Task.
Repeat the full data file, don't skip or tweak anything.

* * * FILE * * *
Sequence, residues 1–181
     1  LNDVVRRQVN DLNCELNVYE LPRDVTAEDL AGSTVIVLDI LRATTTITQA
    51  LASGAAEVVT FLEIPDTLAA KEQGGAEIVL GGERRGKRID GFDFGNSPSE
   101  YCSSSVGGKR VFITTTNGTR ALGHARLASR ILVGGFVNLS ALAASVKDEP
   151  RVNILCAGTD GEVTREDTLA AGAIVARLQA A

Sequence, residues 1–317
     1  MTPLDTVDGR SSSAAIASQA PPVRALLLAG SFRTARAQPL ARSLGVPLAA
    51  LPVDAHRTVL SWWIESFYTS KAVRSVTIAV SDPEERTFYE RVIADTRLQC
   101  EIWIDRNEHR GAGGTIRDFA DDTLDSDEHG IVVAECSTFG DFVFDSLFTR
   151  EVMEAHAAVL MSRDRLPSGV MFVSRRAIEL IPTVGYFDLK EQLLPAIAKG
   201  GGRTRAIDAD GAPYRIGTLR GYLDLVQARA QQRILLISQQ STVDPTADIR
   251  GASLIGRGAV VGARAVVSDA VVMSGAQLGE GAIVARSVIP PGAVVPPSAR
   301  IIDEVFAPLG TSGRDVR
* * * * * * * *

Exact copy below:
Sequence, residues 1–181
     1  LNDVVRRQVN DLNCELNVYE LPRDVTAEDL AGSTVIVLDI LRATTTITQA
    51  LASGAAEVVT FLEIPDTLAA KEQGGAEIVL GGERRGKRID GFDFGNSPSE
   101  YCSSSVGGKR VFITTTNGTR ALGHARLASR ILVGGFVNLS ALAASVKDEP
   151  RVNILCAGTD GEVTREDTLA AGAIVARLQA A

Sequence, residues 1–317
     1  MTPLDTVDGR SSSAAIASQA PPVRALLLAG SFRTARAQPL ARSLGVPLAA
    51  LPVDAHRTVL SWWIESFYTS KAVRSVTIAV SDPEERTFYE RVIADTRLQC
   101  EIWIDRNEHR GAGGTIRDFA DDTLDSDEHG IVVAECSTFG DFVFDSLFTR
   151  EVMEAHAAVL MSRDRLPSGV MFVSRRAIEL IPTVGYFDLK EQLLPAIAKG
   201  GGRTRAIDAD GAPYRIGTLR GYLDLVQARA QQRILLISQQ STVDPTADIR
   251  GASLIGRGAV VGARAVVSDA VVMSGAQLGE GAIVARSVIP PGAVVPPSAR
   301  IIDEVFAPLG TSGRDVR